Bush orders the militarisation of space

In signing the recent executive order creating a new National Space Policy, President Bush has announced that the US will reject future arms-control agreements that might limit US military manoeuvrability in space. The document further announces that the US “will preserve its rights, capabilities and freedom of action in space ... and deny, if necessary, adversaries the use of space capabilities hostile to US national interests."

“Freedom of action in space is as important to the United States as air power and sea power,” the policy declares and that to “increase knowledge, discovery, economic prosperity, and to enhance the national security, the United States must have robust, effective, and efficient space capabilities.”

One wonders why the US fears other countries may have “hostile” intentions in the use of their space capabilities. Clearly the answer has to be because this is exactly what the US is itself intent on using space for. What else was Clinton’s Star Wars programme all about?

The White House, however, insists that the new policy does not refer to the development or deployment of weapons in space. Indeed, in those sections of the policy made widely available recently, there is no explicit reference to the militarization of space. However, while the policy document insists that the main concern of the US is to “strengthen the nation’s space leadership”, to facilitate “US operations in and through space to defend our interests there”, it boldly asserts that national security is critically dependent upon space capabilities.

Moreover, it calls upon Donald Rumsfeld, the hawkish Defence Secretary and John Negroponte, Director of National Intelligence, to “develop and deploy space capabilities that sustain US advantage and support defence and intelligence transformations.” In this regards the policy document adheres to the militaristic and offensive tone that runs through every national defence document the White House has produced since Dubya’s inauguration.

Clearly the US dislikes anything perceived as an attempt to muscle in on its standing as the foremost power in space and the world’s leading military power; the two titles now looking likely to merge. Hence, US concerns about the EU’s Galileo project. At the outset, the US feared the project would allow the transfer of state of the art technology to countries it perceives as antagonistic to its interests. What really spooked Washington was the realisation that China was investing £150 million in Galileo.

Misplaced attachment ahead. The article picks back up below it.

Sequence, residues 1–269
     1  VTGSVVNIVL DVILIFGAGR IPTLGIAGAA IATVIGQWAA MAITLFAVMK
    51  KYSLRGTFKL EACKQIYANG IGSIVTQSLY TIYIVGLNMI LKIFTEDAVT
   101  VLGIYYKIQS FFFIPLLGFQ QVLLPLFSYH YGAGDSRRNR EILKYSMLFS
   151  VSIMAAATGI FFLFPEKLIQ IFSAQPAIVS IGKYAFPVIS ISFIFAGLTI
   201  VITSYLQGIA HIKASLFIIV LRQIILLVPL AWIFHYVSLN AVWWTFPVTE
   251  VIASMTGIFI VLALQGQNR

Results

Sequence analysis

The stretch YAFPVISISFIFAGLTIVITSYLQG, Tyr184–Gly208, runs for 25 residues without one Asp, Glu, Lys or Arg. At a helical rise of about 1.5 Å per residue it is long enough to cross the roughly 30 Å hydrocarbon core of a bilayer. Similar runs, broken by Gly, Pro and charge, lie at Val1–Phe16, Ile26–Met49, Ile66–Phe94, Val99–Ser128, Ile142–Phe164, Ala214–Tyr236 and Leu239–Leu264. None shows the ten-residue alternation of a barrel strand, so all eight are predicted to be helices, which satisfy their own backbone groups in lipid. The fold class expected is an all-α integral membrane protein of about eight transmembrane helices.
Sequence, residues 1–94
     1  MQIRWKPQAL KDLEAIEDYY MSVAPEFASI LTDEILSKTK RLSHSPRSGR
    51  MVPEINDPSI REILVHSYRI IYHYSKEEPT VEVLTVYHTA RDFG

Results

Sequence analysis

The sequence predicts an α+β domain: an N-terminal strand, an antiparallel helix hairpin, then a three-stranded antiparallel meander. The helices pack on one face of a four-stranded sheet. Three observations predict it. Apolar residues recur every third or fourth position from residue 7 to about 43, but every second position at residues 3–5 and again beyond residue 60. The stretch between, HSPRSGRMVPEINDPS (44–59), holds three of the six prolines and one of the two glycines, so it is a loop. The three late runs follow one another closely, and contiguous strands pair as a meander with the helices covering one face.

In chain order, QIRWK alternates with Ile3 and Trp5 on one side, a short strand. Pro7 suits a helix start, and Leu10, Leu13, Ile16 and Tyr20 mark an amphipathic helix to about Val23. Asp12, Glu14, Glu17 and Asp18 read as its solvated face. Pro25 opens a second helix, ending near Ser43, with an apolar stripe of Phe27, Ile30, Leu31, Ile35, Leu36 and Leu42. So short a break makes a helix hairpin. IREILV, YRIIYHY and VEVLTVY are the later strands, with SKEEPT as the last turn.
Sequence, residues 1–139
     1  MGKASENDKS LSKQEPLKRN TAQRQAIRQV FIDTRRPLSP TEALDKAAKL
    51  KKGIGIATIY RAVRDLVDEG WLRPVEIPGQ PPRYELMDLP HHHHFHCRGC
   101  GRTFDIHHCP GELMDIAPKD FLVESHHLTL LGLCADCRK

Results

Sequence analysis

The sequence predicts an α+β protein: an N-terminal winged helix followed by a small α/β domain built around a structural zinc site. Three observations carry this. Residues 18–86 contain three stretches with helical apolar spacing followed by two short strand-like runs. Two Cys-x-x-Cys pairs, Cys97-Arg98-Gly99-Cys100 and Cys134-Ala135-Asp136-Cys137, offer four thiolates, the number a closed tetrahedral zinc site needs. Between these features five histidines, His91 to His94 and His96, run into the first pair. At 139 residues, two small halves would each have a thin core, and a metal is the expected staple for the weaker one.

Michael Kriepon of the Stimson Centre told the Washington post: “The Clinton administration opened the doors to developing space weapons, but that administration never did anything about it. The Bush policy now goes further.” (The Independent, 19th October).

One wonders just how other countries will now respond to US ambitions for the militarization of space for, make no mistake, this is exactly what Washington’s masters of war have in mind – this is full spectrum dominance in the making. Back in 1999, when Republican hawks celebrated a Senate vote not to ratify the Comprehensive Test Ban Treaty and announced their intention to scupper the 1972 ABM Treaty which outlawed Star Wars missiles systems capable of intercepting incoming missiles, Russian Defence Minister Nikolai Mikolov, acknowledging Russia could not match US technology, declared Russia would simply deploy more warheads capable of overwhelming the US nuclear umbrella system.

Theresa Hitchens of the Washington based Centre for Defence Information said: “You would think that we would have learnt our lessons about the danger of military pre-emptive action and unilateralism in Iraq, yet we are repeating the same policy towards space.” (The Independent, 19th October).

Experts argue that the new space decree has put the US on perilous path in so far as it extends Bush Doctrine policy to brand new military arena, whilst at the same time discarding endeavours to limit US military ambitions.

National Security Council spokesman Frederick Jones, in an attempt to discourage the military significance of the new policy, said: “Technology advances have increased the importance of and use of space…Now, we depend on space capabilities for things like ATMs, personal navigation, package tracking, radio services, and cell phone use.” (Asia Times, 20th October)

What really concerns international observers and the US ‘s budding competitors, and which should concern all of us, is that the US absolutely refuses to negotiate any space arms-control agreement. Washington is promoting the line that because there is currently no space-arms race then there is no need for any such accord – which is utter hypocrisy when one considers the number of actual international agreements in existence, aimed at maintaining the peace, preventing weapons proliferation and the like , that the US refuses to ratify or even acknowledge.